The wasteland in focus

The wasteland in focus


Cheek by jowl with the high-rise buildings, are hovels and shanties; sad, depressing shanties which are home to a million denizens, alongside mounds and mounds of waste matter.

Brazilian lenswoman Conceicao B Praun’s show at the Gallery Beyond titled ‘The Load — A Journey’ is an assemblage of images of garbage and more garbage. You could even say she’s a “drain inspector” of sorts.

The thing is, Praun has travelled across India and photographed our muck, our waste in analog, black and white pictures which have been compiled into a small coffee table book. At the back of the book is a photograph of the lady in conversation with a top official from the Central Pollution Board.

A peroxide blonde, Praun was born in the northeastern region of Brazil, and at 37, has globetrotted a great deal (Europe, UK, US, Cuba and the UAE among other places). She picked up English in London where she first got interested in photography, mastered French in Geneva and Paris, where she was mentored by a Monsieur George Fevre who would greatly impress her with the following dictum: “White gradations have to be white and black gradations have to stay black, without forgetting all the hues in between black and white.”

B&W has a natural affinity to reportage and verite. Praun’s exhibition at Mumbai’s double-level Gallery Beyond can be summed up as an exercise in photo-journalism. A solo traveller in most of the countries mentioned earlier in this piece, she has enjoyed the company of her mother in the course of the three-and-a-half months she has sallied across India. India, she says, is a “charmed” place, most of all because she has made many friends. The opening of her show, for instance, was enlivened by some wonderful piano playing by young Vineet George who came all the way from Kerala at her request.

Conceicao Praun is very keen on creating awareness on the prodigious quantities of of waste generated in India. In the course of her travels across India, she says, she “looked at different people (and) found the common man living and working in close proximity to high emission levels, usually in areas around water bodies, airports, industries, dumping grounds, and so on exposing themselves to pollutants in water, in the air and on land.”

And she is really sorry that India fails to “recognise the amount of waste” or even acknowledge the contribution of sweepers, sanitary workers, rag pickers — important pillar’s of society all. “They are the ones who have to face this reality; unfortunately, they only do it for their livelihood which makes them no different from the others.”

She also expressed concern about the disproportionate consumption of the earth’s resources. “Our way of life is responsible for creating an unhealthy, unpleasant reality by contaminating natural resources.” Hence, the provocation to produce a  body of  work accruing from the relationship between the nature and man-made activities.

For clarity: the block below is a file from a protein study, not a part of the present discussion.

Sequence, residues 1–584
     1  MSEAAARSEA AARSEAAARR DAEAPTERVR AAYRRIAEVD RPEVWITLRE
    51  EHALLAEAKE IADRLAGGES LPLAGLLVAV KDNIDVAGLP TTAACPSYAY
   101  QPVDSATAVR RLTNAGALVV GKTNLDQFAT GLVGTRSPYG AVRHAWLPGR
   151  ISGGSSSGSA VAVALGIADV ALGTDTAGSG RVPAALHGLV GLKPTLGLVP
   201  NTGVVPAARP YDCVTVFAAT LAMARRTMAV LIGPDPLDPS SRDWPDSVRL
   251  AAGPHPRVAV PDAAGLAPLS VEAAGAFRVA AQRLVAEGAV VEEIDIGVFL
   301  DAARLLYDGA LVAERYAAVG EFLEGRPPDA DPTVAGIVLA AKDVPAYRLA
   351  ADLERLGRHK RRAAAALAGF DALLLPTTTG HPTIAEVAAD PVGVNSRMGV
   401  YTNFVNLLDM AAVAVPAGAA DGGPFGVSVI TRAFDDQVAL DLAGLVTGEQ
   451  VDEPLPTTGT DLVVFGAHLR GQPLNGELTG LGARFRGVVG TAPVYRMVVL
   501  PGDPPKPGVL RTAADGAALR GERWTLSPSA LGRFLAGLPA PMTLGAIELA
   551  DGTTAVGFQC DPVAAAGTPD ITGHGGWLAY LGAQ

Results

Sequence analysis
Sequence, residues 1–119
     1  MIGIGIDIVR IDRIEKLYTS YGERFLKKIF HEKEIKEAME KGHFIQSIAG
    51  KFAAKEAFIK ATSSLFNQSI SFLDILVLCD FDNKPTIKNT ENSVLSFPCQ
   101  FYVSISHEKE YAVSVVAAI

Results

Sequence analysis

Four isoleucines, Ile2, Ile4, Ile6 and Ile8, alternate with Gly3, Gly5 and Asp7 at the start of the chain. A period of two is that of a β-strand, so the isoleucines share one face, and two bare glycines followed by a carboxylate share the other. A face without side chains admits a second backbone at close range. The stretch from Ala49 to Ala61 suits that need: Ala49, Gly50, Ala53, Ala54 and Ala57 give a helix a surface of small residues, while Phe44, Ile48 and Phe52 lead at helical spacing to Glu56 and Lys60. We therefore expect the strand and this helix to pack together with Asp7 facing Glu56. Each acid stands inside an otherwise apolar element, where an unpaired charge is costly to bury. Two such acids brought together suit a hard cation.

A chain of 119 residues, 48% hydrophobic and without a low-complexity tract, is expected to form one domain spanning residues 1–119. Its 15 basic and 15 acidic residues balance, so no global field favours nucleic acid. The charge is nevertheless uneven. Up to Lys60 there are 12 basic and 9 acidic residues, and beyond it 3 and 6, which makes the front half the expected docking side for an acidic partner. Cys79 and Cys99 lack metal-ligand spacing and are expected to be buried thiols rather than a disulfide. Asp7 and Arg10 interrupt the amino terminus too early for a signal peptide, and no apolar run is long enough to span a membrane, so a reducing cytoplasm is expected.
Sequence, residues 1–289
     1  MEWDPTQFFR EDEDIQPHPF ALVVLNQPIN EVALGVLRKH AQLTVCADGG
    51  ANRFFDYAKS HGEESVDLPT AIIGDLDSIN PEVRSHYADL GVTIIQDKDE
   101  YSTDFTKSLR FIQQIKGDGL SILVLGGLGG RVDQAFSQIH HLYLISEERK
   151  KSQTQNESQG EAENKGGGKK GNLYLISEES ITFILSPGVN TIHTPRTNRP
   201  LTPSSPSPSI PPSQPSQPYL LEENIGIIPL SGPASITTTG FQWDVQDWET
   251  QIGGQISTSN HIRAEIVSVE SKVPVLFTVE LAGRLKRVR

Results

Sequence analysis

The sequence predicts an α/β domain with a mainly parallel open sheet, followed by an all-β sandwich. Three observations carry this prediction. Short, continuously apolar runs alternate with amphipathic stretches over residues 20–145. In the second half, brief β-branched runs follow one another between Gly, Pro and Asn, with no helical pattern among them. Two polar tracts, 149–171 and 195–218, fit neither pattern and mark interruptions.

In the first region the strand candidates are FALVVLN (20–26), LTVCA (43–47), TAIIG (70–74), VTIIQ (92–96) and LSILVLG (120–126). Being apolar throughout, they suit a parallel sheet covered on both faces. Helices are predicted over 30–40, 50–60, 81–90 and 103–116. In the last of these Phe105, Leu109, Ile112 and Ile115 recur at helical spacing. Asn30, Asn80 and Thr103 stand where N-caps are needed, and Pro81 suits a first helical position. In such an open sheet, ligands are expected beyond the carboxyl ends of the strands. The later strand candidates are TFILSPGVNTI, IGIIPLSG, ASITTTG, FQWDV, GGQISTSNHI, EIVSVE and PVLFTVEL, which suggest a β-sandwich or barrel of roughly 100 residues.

Noting that the human race is linked to the animal world and to the good earth, she said, “Most creatures, other than humans, generate quantities of waste that is in harmony with the eco-system. However, we are reversing the clock. Are we simply uniformed or is it a lack of value for mother earth? We humans have enjoyed the earth’s resources lavishly till date, but now we are at a critical stage to satisfy our wants, necessities, and luxuries.”

And so, she does her bit. In the hotels she stays in, she urges the staff to be sparing in their use of limited resources like water; she herself wears unlaundered clothes as many times as possible “if the weather permits.”

“I like black and white,” Conceicao told me, “they are neutral colours.” She acknowledged generating “some unaccountable waste in my life which, has been cleaned swiftly at the places of my stay...” But embarking on a quest for answers, she met with sweepers and rag pickers, as well as engineers, health inspectors, environmentalists and scientists. All of whom gave her enough food for thought, ample material for the collection of images as well as detailed descriptions, some gratuitous, some informative to accompany the 50 plus photos on display. These included rag pickers at a garbage dump; diode lamps and a recycling machine, toxic chemicals dumped into a river, other dumping grounds, a sewage treatment plant and so on.

The end result is a journalistic record of the waste that’s responsible for the rancid smell that assails our nostrils; detritus that often makes us avert our eyes. She points out that a toilet roll costs more than the daily wage of a sanitary worker. Is it possible we have become inured to the poor, cynical even?

Conceicao Praun’s photographs do not tug the heart-strings, but this does not make her visual narrative less important  now that a mutated virus (H1N1) threatens to ravage the weak.